Russia agrees with Saudi Arabia to extend OPEC deal by 6-9 months 

Putin, speaking after talks with Saudi Crown Prince Mohammed bin Salman, told a news conference the deal would be extended in its current form and with the same volumes. (SPA)
Updated 30 June 2019

Russia agrees with Saudi Arabia to extend OPEC deal by 6-9 months 

  • A nine-month extension would mean the deal runs out in March 2020

OSAKA: Russia has agreed with Saudi Arabia to extend by six to nine months a deal with OPEC on reducing oil production, Russian President Vladimir Putin said.
Putin, speaking after talks with Saudi Crown Prince Mohammed bin Salman, told a news conference the deal would be extended in its current form and with the same volumes.
The Organization of Petroleum Exporting Countries, Russia and other producers, an alliance known as OPEC+, meet on July 1-2 to discuss the deal that involves curbing oil output by 1.2 million barrels per day (bpd). The pact expires after June 30.

HIGHLIGHTS

• Deal to be extended in current form, same volume.

• Pact brought Russia extra $110 billion in revenues.

• OPEC meets on Monday amid rising US pressure on Iran.

“We will support the extension, both Russia and Saudi Arabia. As far as the length of the extension is concerned, we have yet to decide whether it will be six or nine months. Maybe it will be nine months,” said Putin said, who met the crown prince on the sidelines of a G20 summit in Japan.
A nine-month extension would mean the deal runs out in March 2020.
Kirill Dmitriev, the chief executive of Russian Direct Investment Fund who helped design the OPEC-Russia deal, said the pact in place since 2017 has already lifted Russian budget revenues by more than 7 trillion roubles ($110 billion).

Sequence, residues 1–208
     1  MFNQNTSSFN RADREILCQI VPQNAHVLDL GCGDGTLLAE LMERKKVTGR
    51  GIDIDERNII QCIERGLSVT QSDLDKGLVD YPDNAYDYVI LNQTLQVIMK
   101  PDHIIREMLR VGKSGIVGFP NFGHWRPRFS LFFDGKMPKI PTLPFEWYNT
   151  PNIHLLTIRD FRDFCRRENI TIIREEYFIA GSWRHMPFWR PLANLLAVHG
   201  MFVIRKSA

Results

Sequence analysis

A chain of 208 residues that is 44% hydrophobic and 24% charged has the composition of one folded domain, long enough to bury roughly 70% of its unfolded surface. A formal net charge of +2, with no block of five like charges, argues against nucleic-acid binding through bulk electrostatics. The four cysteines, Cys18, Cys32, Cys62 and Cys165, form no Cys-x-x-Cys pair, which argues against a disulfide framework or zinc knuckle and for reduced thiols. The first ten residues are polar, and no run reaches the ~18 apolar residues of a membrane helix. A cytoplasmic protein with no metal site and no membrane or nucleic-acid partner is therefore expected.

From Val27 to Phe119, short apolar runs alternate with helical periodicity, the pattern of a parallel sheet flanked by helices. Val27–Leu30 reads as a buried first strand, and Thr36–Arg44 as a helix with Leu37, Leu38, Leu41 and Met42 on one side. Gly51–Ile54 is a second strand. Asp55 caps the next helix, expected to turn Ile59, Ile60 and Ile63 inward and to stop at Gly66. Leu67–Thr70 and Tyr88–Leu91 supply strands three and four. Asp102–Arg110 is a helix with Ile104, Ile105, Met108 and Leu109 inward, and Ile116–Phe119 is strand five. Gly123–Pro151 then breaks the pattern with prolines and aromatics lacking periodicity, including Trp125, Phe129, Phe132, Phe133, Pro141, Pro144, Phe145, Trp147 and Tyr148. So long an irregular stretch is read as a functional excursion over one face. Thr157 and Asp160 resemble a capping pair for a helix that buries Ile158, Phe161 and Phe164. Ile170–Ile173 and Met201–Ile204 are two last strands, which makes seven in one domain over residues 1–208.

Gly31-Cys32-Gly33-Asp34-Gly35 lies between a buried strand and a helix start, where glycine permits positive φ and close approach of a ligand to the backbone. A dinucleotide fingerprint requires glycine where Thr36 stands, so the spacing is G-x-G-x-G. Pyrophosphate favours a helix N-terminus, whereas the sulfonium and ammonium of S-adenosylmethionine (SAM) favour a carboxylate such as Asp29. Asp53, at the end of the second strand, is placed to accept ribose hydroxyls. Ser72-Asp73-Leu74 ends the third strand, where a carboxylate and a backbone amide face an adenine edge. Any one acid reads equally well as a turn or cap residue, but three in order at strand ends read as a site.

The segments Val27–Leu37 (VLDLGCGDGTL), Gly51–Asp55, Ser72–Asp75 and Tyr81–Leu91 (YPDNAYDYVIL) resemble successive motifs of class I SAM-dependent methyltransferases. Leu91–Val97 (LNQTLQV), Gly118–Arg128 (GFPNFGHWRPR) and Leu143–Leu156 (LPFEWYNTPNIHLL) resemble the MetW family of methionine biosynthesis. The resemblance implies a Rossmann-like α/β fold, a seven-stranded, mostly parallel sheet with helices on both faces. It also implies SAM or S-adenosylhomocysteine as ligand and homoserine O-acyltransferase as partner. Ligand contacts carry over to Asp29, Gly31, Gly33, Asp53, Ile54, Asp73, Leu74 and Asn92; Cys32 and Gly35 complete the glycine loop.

“The strategic partnership within OPEC+ has led to the stabilization of oil markets and allows both to reduce and increase production depending on the market demand conditions, which contributes to the predictability and growth of investments in the industry,” Dmitriev said.
Benchmark Brent has climbed more than 25 percent since the start of the 2019. But prices could stall as a slowing global economy squeezes demand and US crude floods the market, a Reuters poll of analysts found.


Conflict-hit Libya to restart oil operations but with low output

Updated 10 July 2020

Conflict-hit Libya to restart oil operations but with low output

  • There is significant damage to the reservoirs and infrastructure
  • A first cargo of 650,000 barrels will be shipped by the Kriti Bastion Aframax tanker

TUNIS: Libya’s National Oil Corporation (NOC) lifted force majeure on all oil exports on Friday as a first tanker loaded at Es Sider after a half-year blockade by eastern forces, but said technical problems caused by the shutdown would keep output low.
“The increase in production will take a long time due to the significant damage to reservoirs and infrastructure caused by the illegal blockade imposed on January 17,” NOC said in a statement.
A first cargo of 650,000 barrels will be shipped by the Kriti Bastion Aframax tanker, chartered by Vitol, which two sources at Es Sider port said had docked and started loading on Friday morning.
The blockade, which was imposed by forces in eastern Libya loyal to Khalifa Haftar’s Libyan National Army (LNA), has cost the country $6.5 billion in lost export revenue, NOC said.
“Our infrastructure has suffered lasting damage, and our focus now must be on maintenance and securing a budget for the work to be done,” NOC chairman Mustafa Sanalla said in the statement.
Control over Libya’s oil infrastructure, the richest prize for competing forces in the country, and access to revenues, has become an ever-more significant factor in the civil war.
The internationally recognized Government of National Accord, supported by Turkey, has recently pushed back the LNA, backed by the United Arab Emirates, Russia and Egypt, from the environs of Tripoli and pushed toward Sirte, near the main oil terminals.